James’ story

This is James. James is my only son and the youngest of my four children. He lives with me and one of his three sisters. James spent his primary and high school years at the Kalamunda Senior High School Education Support Unit. James is now 29 years of age. Not long after birth, James was diagnosed with a rare chromosome disorder called Cri-du-chat syndrome (CDC). Called Cri-du-chat because it resembles the cry of a cat! 

This syndrome affects James’ speech and upper respiratory system, resulting in a low immune system and therefore the reoccurrence of infections. He has a very high pain threshold so there are times he can have a severe infection and I am totally unaware until it has taken hold. James is small in stature for his age, which is a characteristic of CDC, and he also has in-toeing of the feet, which causes balance issues that may lead to falls. 

James requires constant support from me as he is unable to do up zips, shave, tie up his shoe laces, he does not know the value of money or how to cross a road safely. If James is unsure of what is happening in his day, he can become very agitated and pick at his fingers until they bleed. But James is unique and brings with him a wonderful ‘out there’ infectious happiness to his life and to those who come in contact with him. He loves his PlayStation, music and dancing, movies, YouTube, and using Google to search out places of interest he would like us to visit. James has traveled to Singapore, Bali, and the Gold Coast with me in recent years.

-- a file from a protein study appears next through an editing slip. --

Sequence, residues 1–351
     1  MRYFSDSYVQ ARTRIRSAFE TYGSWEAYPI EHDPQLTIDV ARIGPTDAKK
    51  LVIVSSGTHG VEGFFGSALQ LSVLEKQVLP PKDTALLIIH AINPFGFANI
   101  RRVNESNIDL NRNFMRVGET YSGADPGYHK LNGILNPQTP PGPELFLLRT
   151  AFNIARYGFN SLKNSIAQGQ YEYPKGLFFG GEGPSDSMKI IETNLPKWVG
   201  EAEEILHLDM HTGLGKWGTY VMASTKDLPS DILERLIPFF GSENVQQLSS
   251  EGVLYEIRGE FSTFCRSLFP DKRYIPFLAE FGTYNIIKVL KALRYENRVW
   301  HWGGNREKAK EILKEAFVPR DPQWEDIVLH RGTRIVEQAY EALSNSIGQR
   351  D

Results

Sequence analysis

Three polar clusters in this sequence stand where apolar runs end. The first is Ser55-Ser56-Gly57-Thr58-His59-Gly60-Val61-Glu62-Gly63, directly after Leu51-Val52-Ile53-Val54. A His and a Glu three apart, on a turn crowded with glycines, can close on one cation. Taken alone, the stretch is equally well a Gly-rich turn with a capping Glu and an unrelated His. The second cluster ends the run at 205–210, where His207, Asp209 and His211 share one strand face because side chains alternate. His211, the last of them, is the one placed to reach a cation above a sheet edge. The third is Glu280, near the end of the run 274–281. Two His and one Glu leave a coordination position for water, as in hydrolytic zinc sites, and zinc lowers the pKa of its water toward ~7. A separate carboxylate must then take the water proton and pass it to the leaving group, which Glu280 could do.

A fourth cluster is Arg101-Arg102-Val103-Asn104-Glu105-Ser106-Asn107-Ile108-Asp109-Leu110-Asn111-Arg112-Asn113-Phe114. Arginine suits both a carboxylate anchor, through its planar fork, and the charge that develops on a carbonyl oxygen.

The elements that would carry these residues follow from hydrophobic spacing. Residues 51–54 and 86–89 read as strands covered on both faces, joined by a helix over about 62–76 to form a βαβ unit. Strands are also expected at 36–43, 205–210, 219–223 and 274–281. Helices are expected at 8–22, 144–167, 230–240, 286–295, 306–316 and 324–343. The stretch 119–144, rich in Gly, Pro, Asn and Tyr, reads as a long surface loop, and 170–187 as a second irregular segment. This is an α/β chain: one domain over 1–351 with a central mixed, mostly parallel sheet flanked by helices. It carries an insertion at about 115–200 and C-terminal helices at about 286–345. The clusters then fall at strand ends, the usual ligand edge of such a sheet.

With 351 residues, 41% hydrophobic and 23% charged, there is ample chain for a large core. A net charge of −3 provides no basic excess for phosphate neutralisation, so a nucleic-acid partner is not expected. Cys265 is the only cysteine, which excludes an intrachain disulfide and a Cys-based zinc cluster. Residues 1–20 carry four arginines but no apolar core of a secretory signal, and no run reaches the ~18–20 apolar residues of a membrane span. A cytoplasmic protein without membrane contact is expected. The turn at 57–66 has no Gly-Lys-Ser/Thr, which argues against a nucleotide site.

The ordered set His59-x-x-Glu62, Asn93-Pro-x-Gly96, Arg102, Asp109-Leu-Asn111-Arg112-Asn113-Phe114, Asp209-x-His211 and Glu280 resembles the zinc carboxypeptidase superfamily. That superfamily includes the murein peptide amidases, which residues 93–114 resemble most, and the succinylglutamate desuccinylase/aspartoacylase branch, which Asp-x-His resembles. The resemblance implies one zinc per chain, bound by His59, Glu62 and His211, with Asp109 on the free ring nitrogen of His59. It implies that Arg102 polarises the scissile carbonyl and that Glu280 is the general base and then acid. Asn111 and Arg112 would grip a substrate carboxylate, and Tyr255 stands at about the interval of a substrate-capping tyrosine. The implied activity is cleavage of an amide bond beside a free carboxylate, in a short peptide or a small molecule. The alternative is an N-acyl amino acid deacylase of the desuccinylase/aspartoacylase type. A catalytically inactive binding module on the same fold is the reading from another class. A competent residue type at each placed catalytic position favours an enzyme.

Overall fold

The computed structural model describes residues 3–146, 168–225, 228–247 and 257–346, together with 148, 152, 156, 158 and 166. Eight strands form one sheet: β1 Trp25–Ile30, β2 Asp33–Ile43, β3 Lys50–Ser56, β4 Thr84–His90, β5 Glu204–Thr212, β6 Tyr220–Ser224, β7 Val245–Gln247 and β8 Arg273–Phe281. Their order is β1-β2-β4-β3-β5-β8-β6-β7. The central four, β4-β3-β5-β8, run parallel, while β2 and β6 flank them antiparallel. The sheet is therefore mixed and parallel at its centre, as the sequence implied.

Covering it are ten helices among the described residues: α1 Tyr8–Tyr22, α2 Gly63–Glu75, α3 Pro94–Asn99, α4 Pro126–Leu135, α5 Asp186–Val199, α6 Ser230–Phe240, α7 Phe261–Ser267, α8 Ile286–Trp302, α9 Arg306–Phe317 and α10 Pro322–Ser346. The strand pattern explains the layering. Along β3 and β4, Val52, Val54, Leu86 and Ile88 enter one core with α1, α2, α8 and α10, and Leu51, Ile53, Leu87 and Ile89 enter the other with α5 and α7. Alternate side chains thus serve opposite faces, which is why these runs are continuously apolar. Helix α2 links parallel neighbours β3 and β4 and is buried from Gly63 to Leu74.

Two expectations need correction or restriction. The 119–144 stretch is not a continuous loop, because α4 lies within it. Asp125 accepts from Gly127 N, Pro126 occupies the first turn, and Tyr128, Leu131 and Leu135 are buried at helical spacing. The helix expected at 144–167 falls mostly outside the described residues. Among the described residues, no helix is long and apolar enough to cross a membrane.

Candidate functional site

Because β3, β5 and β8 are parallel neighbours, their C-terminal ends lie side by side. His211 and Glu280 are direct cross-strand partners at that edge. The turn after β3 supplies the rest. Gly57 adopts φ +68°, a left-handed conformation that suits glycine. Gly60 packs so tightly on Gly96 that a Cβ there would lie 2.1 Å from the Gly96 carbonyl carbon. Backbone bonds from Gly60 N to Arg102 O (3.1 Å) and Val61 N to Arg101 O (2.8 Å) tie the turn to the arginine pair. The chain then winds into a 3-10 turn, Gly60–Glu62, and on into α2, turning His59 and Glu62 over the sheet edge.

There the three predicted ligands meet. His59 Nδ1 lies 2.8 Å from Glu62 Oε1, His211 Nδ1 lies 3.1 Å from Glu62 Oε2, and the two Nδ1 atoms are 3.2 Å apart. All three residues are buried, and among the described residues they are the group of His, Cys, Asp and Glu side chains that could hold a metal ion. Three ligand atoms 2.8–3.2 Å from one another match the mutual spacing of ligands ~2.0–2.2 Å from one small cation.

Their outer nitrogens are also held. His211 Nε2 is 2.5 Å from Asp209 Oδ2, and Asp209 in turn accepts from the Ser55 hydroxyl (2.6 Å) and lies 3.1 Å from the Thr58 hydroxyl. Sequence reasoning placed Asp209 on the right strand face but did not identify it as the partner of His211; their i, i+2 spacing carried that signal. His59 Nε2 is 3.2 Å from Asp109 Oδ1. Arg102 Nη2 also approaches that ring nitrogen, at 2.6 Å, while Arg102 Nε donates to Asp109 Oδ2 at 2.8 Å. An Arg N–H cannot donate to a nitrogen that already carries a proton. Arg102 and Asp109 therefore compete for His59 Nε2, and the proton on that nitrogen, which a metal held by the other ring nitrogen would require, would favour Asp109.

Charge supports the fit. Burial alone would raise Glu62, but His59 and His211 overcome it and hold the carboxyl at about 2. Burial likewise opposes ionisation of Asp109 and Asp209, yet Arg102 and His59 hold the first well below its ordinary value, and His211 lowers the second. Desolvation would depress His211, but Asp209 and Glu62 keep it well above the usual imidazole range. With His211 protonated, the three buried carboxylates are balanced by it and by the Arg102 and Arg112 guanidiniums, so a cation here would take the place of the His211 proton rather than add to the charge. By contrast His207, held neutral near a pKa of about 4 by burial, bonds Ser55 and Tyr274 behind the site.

The many life skills I am teaching James at home, get reinforced with his Community Inclusion program at Crosslinks. With this program, James is able, with his Support Worker’s support, to progress the skills necessary to reach his goals, and he can do this while socialising with his friends. James also has a busy social life through the Crosslinks Recreate & Participate (RAP) Social Club, and gives back to his  community with many years of volunteering at the Kalamunda History Village, where he is a valued and participating member of their volunteer group. 

I was told James would never walk, never talk, never be able to understand ‘sign, so would have limited means of communication. I was told to be prepared for James to have a life of high and complex support needs. With all of the above being said, those who know James can contest to the fact that he never stops talking, and yes, until you get to know him, he can be a little hard to understand, but in his own way of communicating, he gets his message across. The fact that he is hard to understand is the cause of much distress to James because he knows what he is trying to communicate.

If you add to the CDC that James also has ADHD, you can only imagine the bundle of energy and hyperactivity that he exudes. James can often be heard in the corridors of the Crosslinks building singing at the top of his voice and strumming his air guitar. Those who suggested a life of high and complex support could not have got it so wrong.

We enjoy our family’s home and life. James loves spending time with his sisters and his young nephew Thomas who thinks ‘Uncle James’ is just the greatest. As his mother I also consider James to be the greatest and I learn so much from him every day.


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